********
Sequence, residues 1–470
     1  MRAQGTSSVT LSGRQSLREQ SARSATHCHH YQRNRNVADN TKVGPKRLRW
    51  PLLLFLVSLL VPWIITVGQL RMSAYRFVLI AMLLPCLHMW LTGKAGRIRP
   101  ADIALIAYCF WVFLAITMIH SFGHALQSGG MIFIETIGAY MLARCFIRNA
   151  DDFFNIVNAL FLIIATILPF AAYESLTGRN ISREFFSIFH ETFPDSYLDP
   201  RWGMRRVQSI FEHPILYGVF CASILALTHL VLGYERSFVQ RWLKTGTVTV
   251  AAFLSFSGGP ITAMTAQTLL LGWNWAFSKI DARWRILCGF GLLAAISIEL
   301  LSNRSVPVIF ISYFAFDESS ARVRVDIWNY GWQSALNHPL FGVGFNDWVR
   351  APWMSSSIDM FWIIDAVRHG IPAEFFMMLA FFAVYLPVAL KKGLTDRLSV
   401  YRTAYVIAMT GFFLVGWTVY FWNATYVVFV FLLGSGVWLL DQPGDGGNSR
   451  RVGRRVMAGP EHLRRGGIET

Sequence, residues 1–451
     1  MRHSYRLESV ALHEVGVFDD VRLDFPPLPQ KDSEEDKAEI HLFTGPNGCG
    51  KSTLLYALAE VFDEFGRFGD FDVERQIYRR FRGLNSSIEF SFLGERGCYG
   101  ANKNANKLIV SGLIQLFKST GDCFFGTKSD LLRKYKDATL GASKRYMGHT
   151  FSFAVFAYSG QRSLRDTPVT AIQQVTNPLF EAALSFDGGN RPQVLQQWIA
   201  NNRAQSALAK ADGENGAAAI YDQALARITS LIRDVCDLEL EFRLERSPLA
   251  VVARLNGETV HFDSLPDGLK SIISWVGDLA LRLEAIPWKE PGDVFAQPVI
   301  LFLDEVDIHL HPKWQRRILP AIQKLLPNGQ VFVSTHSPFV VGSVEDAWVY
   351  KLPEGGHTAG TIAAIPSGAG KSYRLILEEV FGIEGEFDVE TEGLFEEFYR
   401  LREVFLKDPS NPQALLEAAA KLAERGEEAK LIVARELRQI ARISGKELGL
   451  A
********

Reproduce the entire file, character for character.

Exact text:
Sequence, residues 1–470
     1  MRAQGTSSVT LSGRQSLREQ SARSATHCHH YQRNRNVADN TKVGPKRLRW
    51  PLLLFLVSLL VPWIITVGQL RMSAYRFVLI AMLLPCLHMW LTGKAGRIRP
   101  ADIALIAYCF WVFLAITMIH SFGHALQSGG MIFIETIGAY MLARCFIRNA
   151  DDFFNIVNAL FLIIATILPF AAYESLTGRN ISREFFSIFH ETFPDSYLDP
   201  RWGMRRVQSI FEHPILYGVF CASILALTHL VLGYERSFVQ RWLKTGTVTV
   251  AAFLSFSGGP ITAMTAQTLL LGWNWAFSKI DARWRILCGF GLLAAISIEL
   301  LSNRSVPVIF ISYFAFDESS ARVRVDIWNY GWQSALNHPL FGVGFNDWVR
   351  APWMSSSIDM FWIIDAVRHG IPAEFFMMLA FFAVYLPVAL KKGLTDRLSV
   401  YRTAYVIAMT GFFLVGWTVY FWNATYVVFV FLLGSGVWLL DQPGDGGNSR
   451  RVGRRVMAGP EHLRRGGIET

Sequence, residues 1–451
     1  MRHSYRLESV ALHEVGVFDD VRLDFPPLPQ KDSEEDKAEI HLFTGPNGCG
    51  KSTLLYALAE VFDEFGRFGD FDVERQIYRR FRGLNSSIEF SFLGERGCYG
   101  ANKNANKLIV SGLIQLFKST GDCFFGTKSD LLRKYKDATL GASKRYMGHT
   151  FSFAVFAYSG QRSLRDTPVT AIQQVTNPLF EAALSFDGGN RPQVLQQWIA
   201  NNRAQSALAK ADGENGAAAI YDQALARITS LIRDVCDLEL EFRLERSPLA
   251  VVARLNGETV HFDSLPDGLK SIISWVGDLA LRLEAIPWKE PGDVFAQPVI
   301  LFLDEVDIHL HPKWQRRILP AIQKLLPNGQ VFVSTHSPFV VGSVEDAWVY
   351  KLPEGGHTAG TIAAIPSGAG KSYRLILEEV FGIEGEFDVE TEGLFEEFYR
   401  LREVFLKDPS NPQALLEAAA KLAERGEEAK LIVARELRQI ARISGKELGL
   451  A